The agreement reached between President Viktor Yanukovych and Ukrainian opposition leaders is about as good as the anti-government forces can possibly hope to get.

It calls, inter alia, for a power-sharing arrangement with the opposition to be followed by a new presidential election no later than December. It also commits the government not to impose a state of emergency–meaning martial law–and to allow outside monitors from Europe and the opposition to monitor all investigations “into recent acts of violence.”

A sign of just how favorable this agreement is to the opposition: while it was signed by the foreign ministers of Poland, France, and Germany, all of whom are in Kiev, the Russian delegate pointedly refused to sign it.

Yet, many protesters in the streets are not prepared to accept what is largely a victory. Many of them refuse to disperse from Independence Square until Yanukovych resigns. Their position is understandable but misguided. As Polish foreign minister Radek Sikorski reportedly told demonstrators: “If you don’t support this [deal] you’ll have martial law, you’ll have the army. You will all be dead.”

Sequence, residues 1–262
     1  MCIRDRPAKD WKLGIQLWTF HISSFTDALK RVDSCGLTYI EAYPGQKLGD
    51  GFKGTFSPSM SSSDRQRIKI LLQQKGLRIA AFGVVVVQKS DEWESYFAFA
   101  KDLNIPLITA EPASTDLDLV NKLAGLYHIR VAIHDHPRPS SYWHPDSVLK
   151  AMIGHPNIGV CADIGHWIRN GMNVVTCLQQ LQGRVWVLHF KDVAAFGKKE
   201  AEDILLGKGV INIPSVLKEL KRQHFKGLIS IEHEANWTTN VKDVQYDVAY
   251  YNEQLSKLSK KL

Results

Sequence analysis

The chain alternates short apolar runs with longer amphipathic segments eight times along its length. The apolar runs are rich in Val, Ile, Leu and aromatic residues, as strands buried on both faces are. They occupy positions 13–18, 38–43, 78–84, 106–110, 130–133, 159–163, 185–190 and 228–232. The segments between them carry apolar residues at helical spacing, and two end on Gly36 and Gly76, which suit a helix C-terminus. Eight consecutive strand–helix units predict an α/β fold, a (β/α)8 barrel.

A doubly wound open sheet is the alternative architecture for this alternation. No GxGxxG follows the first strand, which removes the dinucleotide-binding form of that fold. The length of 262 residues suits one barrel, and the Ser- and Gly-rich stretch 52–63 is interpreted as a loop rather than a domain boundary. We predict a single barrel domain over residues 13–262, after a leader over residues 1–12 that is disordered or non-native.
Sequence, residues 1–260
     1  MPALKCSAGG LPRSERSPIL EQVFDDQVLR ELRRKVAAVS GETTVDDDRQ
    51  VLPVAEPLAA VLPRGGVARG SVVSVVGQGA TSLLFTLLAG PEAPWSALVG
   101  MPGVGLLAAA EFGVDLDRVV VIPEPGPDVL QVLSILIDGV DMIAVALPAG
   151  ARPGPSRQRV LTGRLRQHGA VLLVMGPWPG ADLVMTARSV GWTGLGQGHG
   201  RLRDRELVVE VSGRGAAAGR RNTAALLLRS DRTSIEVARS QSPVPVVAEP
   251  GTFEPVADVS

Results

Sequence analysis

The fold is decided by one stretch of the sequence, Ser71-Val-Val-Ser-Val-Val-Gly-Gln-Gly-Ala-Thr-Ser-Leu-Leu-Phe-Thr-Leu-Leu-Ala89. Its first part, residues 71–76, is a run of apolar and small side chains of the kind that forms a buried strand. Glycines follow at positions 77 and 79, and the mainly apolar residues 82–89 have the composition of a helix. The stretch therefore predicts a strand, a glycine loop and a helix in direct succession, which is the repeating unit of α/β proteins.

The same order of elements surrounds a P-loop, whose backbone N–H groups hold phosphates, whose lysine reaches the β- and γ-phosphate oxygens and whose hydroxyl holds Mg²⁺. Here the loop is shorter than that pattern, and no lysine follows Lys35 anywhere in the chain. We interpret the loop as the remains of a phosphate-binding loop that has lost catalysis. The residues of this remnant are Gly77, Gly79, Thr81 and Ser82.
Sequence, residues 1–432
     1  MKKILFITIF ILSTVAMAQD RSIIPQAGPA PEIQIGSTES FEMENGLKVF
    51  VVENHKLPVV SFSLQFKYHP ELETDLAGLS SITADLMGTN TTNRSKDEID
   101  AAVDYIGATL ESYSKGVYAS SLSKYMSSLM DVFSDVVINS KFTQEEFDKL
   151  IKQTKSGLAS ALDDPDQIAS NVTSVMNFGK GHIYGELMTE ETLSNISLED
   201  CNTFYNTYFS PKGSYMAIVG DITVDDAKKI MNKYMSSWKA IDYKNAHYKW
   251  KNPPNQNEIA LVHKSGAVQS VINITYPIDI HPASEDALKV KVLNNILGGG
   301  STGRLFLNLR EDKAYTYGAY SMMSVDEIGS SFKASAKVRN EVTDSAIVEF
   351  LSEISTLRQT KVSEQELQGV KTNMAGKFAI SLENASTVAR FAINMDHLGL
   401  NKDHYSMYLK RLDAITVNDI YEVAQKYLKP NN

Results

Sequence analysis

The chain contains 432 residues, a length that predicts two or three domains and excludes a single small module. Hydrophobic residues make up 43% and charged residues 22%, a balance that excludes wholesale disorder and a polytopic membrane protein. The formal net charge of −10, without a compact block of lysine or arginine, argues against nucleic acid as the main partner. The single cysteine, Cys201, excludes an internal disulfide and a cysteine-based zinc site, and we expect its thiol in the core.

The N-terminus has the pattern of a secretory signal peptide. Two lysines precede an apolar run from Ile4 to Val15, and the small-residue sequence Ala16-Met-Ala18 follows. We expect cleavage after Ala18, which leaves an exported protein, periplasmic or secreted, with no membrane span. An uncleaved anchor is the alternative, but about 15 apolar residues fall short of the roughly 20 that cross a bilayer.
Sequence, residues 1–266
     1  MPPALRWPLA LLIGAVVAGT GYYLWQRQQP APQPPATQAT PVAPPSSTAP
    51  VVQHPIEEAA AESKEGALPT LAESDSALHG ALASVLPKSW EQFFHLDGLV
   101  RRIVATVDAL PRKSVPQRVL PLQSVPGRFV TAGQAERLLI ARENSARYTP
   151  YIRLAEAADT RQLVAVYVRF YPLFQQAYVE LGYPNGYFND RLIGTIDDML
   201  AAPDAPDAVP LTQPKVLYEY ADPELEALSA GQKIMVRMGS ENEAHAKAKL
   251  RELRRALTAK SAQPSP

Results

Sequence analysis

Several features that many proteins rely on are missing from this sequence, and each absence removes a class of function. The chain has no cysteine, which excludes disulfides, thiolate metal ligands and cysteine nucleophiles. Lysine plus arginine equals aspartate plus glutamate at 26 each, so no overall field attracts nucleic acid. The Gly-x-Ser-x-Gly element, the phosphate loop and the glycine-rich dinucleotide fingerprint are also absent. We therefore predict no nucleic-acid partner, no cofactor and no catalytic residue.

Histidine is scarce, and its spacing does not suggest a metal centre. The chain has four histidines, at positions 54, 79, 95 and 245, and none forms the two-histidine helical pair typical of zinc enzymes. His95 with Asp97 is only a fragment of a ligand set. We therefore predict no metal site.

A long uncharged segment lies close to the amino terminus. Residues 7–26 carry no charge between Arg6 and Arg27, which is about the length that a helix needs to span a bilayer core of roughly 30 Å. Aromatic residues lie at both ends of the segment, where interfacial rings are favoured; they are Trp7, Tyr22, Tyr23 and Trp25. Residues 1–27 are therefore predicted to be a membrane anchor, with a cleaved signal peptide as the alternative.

Sikorski should know what he is talking about, having spent a good part of his life as a refugee from Poland, which saw the imposition of martial law in 1981.

It remains an open question, however, whether many of the people on the streets of Kiev will heed Sikorski’s wisdom and that of their own leaders. They should, because all too many revolutions have gone off the rails when the revolutionaries pushed for an absolutist agenda and refused to accept a compromise that would have given them 75 percent of what they wanted. The classic example is, of course, the French Revolution, which started off as a moderate, liberal movement in 1789 and soon thereafter was drenched in blood from one round of “terror” after another.

The most successful and revered revolutionaries are those, like Michael Collins and Nelson Mandela, who are willing to accept a negotiated outcome to avoid an all-out war. That is an example the people of Ukraine would be wise to heed.